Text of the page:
PhRMA at­tacks New Mex­i­co’s ‘short on de­tail’ plan for Cana­di­an drug im­ports

In­dus­try group PhRMA con­tin­ues to fight a Trump-era fi­nal rule to al­low drug im­ports from Cana­da as the lob­by­ing group has now pe­ti­tioned the FDA to re­ject New Mex­i­co’s im­port plan be­cause of miss­ing de­tails that may make the im­port­ed drugs un­safe and not cost-ef­fec­tive.

The ap­pli­ca­tion “pro­vides scant in­di­ca­tion that the pro­posed SIP [Sec­tion 804 Im­por­ta­tion Pro­gram] will lead to any—let alone sig­nif­i­cant—re­duc­tion in cost to con­sumers,” PhRMA said in its pe­ti­tion.

The in­dus­try lob­by­ing group called on the FDA to re­ject the ap­pli­ca­tion, not­ing that it’s in­com­plete be­cause it fails to iden­ti­fy a for­eign sell­er, im­porter, or FDA-reg­is­tered repack­ager or re­la­bel­er for the drugs to be im­port­ed, and it pro­vides on­ly a ten­ta­tive list of drugs.

“New Mex­i­co sub­mit­ted a pro­pos­al so short on de­tail that FDA can­not as­sess whether the safe­ty or cost cri­te­ria can be met,” PhRMA said.

The lob­by­ing group in Jan­u­ary al­so sought to block Flori­da’s drug im­port plan via an FDA pe­ti­tion, claim­ing it would “jeop­ar­dize pa­tient safe­ty.” And the group has filed a law­suit to stop the fi­nal rule, ex­plain­ing that it could ex­pose pa­tients to risks as­so­ci­at­ed with un­ap­proved, mis­brand­ed, and adul­ter­at­ed drugs.

“The Biden Ad­min­is­tra­tion has un­til the end of the month to re­spond to PhRMA’s com­plaint,” Rachel Sachs, pro­fes­sor of law at Wash­ing­ton Uni­ver­si­ty School of Law, ex­plained to End­points News. “But the rule hasn’t been en­joined – no court or­der is stop­ping the FDA from ap­prov­ing any sub­mit­ted plans. How­ev­er, the plans them­selves may not be suf­fi­cient to mer­it ap­proval. PhRMA’s com­ment on New Mex­i­co’s plan notes that the state has not iden­ti­fied a For­eign Sell­er – but the fi­nal rule ex­plic­it­ly per­mit­ted states to sub­mit pro­pos­als with­out do­ing so, giv­ing them six ad­di­tion­al months to iden­ti­fy a For­eign Sell­er, af­ter which the FDA could de­ny the pro­pos­al.”

Even with a for­eign sell­er, PhRMA al­so rais­es con­cerns about New Mex­i­co’s abil­i­ty to en­sure its plan saves mon­ey for con­sumers, not­ing that the ap­pli­ca­tion of­fers “on­ly the rough­est back-of-the-en­ve­lope math (based large­ly on spend­ing by health plans, not in­di­vid­ual con­sumers) to sup­port its claims that im­por­ta­tion would re­duce the cost of cov­ered prod­ucts to New Mex­i­co con­sumers.” For in­stance, the plan “ig­nores sub­stan­tial start-up and ad­min­is­tra­tive costs which will lim­it the State’s cost sav­ings or elim­i­nate any sav­ings en­tire­ly,” PhRMA says.

The ap­pli­ca­tion al­so of­fers on­ly a pre­lim­i­nary list of 40 drugs, in­clud­ing 7 to treat HIV/AIDS, and says that the state will con­duct two more rounds of re-as­sess­ments of drugs to un­der­stand whether op­er­a­tional con­sid­er­a­tions weigh against any of the im­ports.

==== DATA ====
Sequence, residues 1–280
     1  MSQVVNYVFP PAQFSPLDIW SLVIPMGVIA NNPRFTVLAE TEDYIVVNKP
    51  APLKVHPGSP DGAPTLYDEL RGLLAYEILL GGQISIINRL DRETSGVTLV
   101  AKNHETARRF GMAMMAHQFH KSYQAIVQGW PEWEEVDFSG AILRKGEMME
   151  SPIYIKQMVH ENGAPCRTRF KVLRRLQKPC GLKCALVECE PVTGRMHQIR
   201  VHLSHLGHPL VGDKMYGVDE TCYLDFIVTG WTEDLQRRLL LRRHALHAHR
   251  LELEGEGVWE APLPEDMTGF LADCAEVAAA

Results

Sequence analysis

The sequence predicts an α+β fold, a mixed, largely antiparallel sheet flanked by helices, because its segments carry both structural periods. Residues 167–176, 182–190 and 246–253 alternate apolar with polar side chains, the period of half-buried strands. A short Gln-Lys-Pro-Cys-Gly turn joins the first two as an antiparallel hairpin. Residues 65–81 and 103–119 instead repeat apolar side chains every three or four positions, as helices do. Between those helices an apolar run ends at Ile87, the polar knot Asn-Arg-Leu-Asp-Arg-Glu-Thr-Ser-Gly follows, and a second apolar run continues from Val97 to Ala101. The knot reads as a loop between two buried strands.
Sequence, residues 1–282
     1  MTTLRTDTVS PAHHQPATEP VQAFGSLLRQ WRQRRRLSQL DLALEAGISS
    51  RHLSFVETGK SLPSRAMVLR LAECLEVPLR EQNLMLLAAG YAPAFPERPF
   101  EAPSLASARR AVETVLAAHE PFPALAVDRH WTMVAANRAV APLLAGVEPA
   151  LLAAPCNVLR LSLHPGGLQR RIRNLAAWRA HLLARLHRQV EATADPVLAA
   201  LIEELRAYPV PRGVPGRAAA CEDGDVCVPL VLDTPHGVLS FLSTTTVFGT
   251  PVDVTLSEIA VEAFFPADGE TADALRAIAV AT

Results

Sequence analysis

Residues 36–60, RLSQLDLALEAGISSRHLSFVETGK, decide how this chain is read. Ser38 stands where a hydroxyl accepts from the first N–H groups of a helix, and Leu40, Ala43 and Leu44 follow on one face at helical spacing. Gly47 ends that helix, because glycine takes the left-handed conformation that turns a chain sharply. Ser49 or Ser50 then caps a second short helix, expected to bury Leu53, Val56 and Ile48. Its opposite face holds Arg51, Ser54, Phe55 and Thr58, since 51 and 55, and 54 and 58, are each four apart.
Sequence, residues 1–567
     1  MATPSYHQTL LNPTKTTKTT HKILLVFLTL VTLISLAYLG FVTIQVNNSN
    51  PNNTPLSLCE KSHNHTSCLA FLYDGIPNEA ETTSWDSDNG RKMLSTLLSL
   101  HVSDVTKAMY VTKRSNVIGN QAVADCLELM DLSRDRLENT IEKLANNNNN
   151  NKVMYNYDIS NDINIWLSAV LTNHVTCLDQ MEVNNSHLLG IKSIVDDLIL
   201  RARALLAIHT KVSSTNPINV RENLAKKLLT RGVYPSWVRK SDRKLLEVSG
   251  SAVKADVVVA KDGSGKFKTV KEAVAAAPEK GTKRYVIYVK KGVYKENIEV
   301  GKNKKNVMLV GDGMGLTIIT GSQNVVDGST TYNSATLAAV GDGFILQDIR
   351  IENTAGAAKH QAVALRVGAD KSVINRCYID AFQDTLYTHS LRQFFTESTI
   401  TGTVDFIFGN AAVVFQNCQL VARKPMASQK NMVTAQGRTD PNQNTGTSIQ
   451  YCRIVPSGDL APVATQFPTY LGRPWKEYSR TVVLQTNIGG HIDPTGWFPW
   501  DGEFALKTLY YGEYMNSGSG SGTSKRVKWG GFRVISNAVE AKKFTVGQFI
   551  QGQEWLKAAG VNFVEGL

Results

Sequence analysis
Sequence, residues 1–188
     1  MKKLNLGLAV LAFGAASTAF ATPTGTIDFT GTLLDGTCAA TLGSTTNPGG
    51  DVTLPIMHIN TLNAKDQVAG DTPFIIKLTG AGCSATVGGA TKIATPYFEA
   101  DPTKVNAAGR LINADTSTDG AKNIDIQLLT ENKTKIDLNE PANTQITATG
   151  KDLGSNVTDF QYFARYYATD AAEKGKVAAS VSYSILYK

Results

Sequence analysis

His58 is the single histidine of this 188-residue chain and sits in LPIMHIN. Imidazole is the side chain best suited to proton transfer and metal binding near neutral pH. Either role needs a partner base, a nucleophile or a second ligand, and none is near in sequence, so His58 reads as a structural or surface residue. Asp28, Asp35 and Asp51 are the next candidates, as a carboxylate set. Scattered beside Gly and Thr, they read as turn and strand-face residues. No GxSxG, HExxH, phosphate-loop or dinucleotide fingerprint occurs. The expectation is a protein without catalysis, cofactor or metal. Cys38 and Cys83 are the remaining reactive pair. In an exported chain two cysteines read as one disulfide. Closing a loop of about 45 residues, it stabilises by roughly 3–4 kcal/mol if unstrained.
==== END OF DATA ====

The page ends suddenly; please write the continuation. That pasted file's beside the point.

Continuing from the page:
“FDA can­not as­sess whether the safe­ty or cost cri­te­ria can plau­si­bly be met with­out know­ing the iden­ti­ty of piv­otal sup­ply chain par­tic­i­pants or the drugs to be im­port­ed,” PhRMA ex­plains.

The group al­so notes that the 7 HIV/AIDS drugs on the ini­tial list must be stored at a tem­per­a­ture that does not ex­ceed 30 de­grees Centi­grade. But New Mex­i­co’s ap­pli­ca­tion pro­vides “no guide­lines for en­sur­ing that each sup­ply chain par­tic­i­pant com­plies with the stor­age in­struc­tions in­clud­ed in each drug’s la­bel­ing.”

New Mex­i­co’s ap­pli­ca­tion con­cludes that con­sumers would save about $9.8 mil­lion per year (or $6 mil­lion if the HIV/AIDS drugs are ex­clud­ed) be­cause of the im­ports. But PhRMA notes that pay­ers and phar­ma­cy ben­e­fit man­agers “are not ob­lig­at­ed to re­duce pre­mi­ums or co­pay­ments in re­sponse to im­por­ta­tion, and thus there is no guar­an­tee that con­sumers will see any sav­ings at all.”

And PhRMA is not alone in its push to halt any drug im­ports from Cana­da be­fore the ship­ments start. Be­gin­ning late last No­vem­ber, Cana­da an­nounced that cer­tain drugs in­tend­ed for its mar­ket are now pro­hib­it­ed from be­ing dis­trib­uted for con­sump­tion out­side of Cana­da if that sale would cause or wors­en a drug short­age.

Qual­i­ty Con­trol in Cell and Gene Ther­a­py – What’s Re­al­ly at Stake?

In early 2021, Bluebird Bio was forced to suspend clinical trials of its gene therapy for sickle cell disease after two patients in the trial developed cancer. As company scientists rushed to assess whether there was any causal link between the therapy and the cancer cases, Bluebird’s stock value plummeted – as did those of multiple other biopharma companies developing similar therapies.

While investigations concluded that the gene therapy was unlikely to have caused cancer, investors and the public may be more skittish regarding the safety of gene and cell therapies after this episode. This recent example highlights how delicate the fields of cell and gene therapy remain today, even as they show great promise.

Law pro­fes­sors call for FDA to dis­close all safe­ty and ef­fi­ca­cy da­ta for drugs

Back in early 2018 when Scott Gottlieb led the FDA, there was a moment when the agency seemed poised to release redacted complete response letters and other previously undisclosed data. But that initiative never gained steam.